Initiatives such as lead referral schemes, where an end customer is directed from a vendor’s site to local installers for follow-up, are important, too, in ensuring installers feel supported and invested in a vendor’s product offerings. Other initiatives, like a vendor’s digital skills programme, for instance, or a digital health checker, analysing a company’s current set-up to advise how digital tools can help, could also be used to help an installer’s business.
The security industry has a duty to stay abreast of the latest changes and developments. Not only are challenges such as the PSTN switch-off and the introduction of ECHO crucial to the future safety of the country, but they can also represent significant commercial opportunities for the businesses supplying, fitting and updating the necessary technology.
There is a wide range of vendors and alarm installers of all sizes across the country, however, not all of whom have the wherewithal to meet these new challenges without support. As we’ve seen with the ECHO initiative, collaboration between different entities can deliver effective change. The same is true for the wider security industry ecosystem.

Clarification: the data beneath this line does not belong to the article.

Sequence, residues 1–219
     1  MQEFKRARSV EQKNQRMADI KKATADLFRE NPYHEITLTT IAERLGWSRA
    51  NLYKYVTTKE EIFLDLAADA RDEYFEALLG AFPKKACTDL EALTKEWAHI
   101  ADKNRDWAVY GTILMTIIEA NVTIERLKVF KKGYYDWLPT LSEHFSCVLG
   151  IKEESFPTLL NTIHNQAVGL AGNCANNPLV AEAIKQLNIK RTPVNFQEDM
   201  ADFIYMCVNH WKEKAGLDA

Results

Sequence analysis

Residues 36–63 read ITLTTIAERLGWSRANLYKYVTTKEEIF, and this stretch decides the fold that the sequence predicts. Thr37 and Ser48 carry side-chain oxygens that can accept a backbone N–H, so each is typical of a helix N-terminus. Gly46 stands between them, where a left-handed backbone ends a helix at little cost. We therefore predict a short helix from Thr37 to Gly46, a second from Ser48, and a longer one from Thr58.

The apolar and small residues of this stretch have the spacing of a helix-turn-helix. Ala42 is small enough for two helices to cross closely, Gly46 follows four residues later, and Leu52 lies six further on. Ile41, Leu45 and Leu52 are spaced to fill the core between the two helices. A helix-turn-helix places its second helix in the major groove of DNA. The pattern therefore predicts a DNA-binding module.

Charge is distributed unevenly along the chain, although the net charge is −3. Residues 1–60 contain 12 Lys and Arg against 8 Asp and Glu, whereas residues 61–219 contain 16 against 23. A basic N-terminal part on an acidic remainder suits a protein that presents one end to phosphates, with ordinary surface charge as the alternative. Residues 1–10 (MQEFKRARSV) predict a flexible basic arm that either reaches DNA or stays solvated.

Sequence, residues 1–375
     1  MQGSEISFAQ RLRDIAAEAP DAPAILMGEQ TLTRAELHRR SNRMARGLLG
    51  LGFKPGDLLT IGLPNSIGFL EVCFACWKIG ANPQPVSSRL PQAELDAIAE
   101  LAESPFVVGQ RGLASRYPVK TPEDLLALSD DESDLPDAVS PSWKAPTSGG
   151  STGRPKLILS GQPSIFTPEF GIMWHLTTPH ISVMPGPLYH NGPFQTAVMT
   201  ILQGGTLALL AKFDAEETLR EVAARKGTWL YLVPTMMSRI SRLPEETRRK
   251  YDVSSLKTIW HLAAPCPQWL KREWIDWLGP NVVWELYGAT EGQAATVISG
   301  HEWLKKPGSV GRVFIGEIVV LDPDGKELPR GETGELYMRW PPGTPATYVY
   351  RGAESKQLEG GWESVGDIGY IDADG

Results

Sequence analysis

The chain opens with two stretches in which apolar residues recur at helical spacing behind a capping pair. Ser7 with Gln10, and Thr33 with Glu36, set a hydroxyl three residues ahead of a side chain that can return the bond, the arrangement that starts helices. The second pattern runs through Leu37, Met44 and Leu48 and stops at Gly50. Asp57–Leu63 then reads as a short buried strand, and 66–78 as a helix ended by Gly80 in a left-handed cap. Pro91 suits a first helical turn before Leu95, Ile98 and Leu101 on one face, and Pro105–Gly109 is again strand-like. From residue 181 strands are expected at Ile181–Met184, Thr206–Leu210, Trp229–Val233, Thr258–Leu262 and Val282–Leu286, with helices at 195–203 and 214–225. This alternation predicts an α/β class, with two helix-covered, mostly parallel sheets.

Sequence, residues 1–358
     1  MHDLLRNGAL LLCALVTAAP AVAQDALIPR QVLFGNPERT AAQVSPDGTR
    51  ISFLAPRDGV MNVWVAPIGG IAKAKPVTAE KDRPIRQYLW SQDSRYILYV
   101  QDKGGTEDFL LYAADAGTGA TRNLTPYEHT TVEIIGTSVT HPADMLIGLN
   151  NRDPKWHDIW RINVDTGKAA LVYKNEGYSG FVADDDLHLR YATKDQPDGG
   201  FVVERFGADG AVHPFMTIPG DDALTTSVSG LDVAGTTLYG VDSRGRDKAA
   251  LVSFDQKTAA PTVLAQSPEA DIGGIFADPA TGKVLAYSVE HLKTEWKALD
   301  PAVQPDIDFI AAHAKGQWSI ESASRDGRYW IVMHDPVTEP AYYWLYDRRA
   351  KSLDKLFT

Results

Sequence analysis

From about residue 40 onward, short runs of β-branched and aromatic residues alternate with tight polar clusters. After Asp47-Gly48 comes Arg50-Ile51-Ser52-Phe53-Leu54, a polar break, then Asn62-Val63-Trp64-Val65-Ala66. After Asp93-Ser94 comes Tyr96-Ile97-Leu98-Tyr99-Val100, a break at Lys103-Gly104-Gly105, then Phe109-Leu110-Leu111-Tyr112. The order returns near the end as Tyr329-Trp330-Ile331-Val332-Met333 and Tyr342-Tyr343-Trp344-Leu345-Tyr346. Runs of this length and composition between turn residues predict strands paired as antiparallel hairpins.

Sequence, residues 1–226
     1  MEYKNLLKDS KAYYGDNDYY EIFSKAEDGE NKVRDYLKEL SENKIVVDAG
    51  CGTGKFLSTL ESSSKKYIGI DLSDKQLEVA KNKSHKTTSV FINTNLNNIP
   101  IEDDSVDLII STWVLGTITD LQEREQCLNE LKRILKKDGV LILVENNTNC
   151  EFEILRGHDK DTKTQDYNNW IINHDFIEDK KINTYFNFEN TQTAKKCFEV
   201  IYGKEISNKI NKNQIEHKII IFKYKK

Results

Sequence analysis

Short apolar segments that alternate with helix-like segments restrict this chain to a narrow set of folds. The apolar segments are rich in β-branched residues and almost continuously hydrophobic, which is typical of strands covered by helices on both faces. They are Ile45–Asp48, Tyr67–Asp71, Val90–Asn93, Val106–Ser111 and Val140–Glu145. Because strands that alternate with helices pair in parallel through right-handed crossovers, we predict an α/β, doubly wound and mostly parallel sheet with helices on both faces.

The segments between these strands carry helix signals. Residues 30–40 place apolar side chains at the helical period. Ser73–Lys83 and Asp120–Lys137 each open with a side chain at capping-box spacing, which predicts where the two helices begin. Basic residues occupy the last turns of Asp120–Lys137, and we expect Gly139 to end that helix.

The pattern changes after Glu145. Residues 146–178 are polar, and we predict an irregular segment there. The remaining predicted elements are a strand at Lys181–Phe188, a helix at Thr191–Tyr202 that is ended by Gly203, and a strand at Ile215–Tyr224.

There is an opportunity for bigger companies to provide support to their smaller counterparts. The innovative start-ups, for instance may require financial backing and expertise from larger companies. In return, these companies get to learn new, more nimble, more cutting-edge ways of doing business.
With both parties benefitting from the other’s involvement, they’re able to capitalise on the opportunity for mutual benefit – and for that of their customers. This brings us back to the lion and the mouse. No company is too big or too small to work with and support another working toward the same end.
From ARCs to vendors to installers to end user, the security industry ecosystem is a web of mutual interdependence. Collaboration and support will maintain the integrity of this web and, in turn, that of the industry itself, thereby ensuring the ongoing safety of homes and businesses across the country.
This article was originally published in the September 2021 edition of Security Journal UK. Pick up your FREE digital copy on the link here